Catapulting into Classical

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Lost Telemann Work Found after 280 Years!

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The Telemann Research Center in Magdeburg, Germany has announced that Georg Philipp Telemann’s 12 Fantasias for Viola da Gamba has been found.  Telemann had released the work to his publisher in August 1735, but it was believed that the work had not survived.

Following a tip from a French colleague, Thomas Fritzsch located a complete copy of the printed score approved for publication in a private collection.

It is stated that publication of a collection of works for viola da gamba without a bass would have been unprecedented for 1735.  The fantasias are described as a “cornucopia of musical ideas” demonstrating Telemann’s “extraordinary knowledge of the capabilities of the instrument” and his mastery of the chamber music form.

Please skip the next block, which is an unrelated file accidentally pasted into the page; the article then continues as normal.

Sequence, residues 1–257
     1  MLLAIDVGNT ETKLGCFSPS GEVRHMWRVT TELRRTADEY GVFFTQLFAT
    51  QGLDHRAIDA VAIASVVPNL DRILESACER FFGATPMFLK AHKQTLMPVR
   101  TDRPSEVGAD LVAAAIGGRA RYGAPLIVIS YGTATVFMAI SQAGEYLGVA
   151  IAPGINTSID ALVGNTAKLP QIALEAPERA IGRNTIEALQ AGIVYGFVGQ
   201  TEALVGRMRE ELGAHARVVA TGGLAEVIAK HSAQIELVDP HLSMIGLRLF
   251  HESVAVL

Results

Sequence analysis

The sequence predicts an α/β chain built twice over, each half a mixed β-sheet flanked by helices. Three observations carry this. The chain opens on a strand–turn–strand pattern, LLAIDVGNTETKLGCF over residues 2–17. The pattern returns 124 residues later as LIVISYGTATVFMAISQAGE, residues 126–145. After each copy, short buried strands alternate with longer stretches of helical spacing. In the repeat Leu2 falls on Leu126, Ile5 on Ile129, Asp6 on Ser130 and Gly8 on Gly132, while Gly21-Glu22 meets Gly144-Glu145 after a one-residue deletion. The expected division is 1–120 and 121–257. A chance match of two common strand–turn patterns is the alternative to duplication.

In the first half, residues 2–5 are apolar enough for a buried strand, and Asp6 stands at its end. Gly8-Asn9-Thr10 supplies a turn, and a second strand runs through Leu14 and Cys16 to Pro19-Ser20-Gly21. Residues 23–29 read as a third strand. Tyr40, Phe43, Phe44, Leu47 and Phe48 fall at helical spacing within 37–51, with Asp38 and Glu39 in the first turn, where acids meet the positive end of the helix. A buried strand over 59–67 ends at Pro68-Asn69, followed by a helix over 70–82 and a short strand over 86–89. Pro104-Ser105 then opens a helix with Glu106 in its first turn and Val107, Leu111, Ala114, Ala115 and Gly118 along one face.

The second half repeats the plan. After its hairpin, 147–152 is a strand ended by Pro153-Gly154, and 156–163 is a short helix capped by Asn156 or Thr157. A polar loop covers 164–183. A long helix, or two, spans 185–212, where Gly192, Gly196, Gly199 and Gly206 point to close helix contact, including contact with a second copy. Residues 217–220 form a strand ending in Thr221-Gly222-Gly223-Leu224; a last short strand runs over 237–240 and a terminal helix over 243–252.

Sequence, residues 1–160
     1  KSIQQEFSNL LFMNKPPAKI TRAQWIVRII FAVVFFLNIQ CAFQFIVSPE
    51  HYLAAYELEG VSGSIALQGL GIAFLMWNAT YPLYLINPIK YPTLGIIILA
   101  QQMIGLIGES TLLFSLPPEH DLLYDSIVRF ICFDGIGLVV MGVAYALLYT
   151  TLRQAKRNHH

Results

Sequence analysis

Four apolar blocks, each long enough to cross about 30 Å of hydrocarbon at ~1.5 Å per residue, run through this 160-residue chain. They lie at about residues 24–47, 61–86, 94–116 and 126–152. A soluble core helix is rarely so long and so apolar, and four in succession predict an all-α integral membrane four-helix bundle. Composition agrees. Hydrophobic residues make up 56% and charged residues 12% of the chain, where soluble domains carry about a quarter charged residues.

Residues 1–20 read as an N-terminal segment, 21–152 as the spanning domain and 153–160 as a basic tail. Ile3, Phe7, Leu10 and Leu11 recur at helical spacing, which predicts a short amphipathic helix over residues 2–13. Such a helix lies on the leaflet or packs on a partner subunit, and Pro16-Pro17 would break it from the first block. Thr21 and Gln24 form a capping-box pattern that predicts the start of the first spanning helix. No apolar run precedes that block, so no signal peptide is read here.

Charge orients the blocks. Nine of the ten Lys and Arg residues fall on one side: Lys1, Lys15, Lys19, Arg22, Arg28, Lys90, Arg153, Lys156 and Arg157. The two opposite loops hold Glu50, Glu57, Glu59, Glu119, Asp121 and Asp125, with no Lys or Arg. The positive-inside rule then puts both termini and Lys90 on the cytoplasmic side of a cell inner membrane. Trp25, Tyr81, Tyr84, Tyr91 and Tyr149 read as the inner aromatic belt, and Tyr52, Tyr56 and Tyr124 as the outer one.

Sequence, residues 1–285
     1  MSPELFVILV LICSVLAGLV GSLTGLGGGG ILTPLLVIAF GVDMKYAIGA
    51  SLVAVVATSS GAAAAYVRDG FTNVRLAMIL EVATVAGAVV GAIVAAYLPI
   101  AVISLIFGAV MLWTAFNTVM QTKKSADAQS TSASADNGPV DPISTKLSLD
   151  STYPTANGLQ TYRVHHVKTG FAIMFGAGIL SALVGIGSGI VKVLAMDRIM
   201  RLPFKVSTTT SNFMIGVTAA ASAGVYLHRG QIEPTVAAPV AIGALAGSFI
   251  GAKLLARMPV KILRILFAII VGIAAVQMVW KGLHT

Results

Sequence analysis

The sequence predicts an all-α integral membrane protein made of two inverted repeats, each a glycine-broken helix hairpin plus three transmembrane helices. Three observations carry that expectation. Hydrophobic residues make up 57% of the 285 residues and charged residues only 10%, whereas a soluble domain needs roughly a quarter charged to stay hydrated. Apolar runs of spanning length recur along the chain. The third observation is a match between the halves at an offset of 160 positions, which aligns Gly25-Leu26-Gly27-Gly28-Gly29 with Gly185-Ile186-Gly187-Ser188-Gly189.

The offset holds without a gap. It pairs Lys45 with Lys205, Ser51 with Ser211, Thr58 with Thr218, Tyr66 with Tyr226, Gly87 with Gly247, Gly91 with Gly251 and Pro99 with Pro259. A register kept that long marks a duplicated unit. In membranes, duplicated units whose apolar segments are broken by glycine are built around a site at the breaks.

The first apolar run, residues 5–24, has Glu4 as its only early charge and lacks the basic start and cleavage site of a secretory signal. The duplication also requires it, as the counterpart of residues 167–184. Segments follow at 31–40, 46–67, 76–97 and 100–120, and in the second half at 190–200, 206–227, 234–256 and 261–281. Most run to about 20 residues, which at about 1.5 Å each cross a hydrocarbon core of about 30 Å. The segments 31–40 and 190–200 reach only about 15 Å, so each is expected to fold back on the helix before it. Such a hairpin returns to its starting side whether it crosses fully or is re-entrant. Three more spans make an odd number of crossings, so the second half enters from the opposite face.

The fantasias will be presented for the first time at the Telemann Festival to be held in Magdeburg, Telemann’s home town, on 11-20 March 2016.  At the same time a CD and the long-awaited published score will be made available.


Zentrum für Telemann-Pflege und -Forschung Magdeburg


Image attribution:  Georg Philipp Telemann, watercolor by Valentin Daniel Preisler [Public domain], after a lost painting by Ludwig Michael Schneider (1750), via Wikimedia Commons.

One thought on “Lost Telemann Work Found after 280 Years!

  1. Oooh- exciting! One lost work out of 100,000 or so should stir some interest. He sure did grind it out- and very well indeed; really superb composer (who of course was the first choice for the Leipzig gig that Bach ended up with).


    See you tonight!


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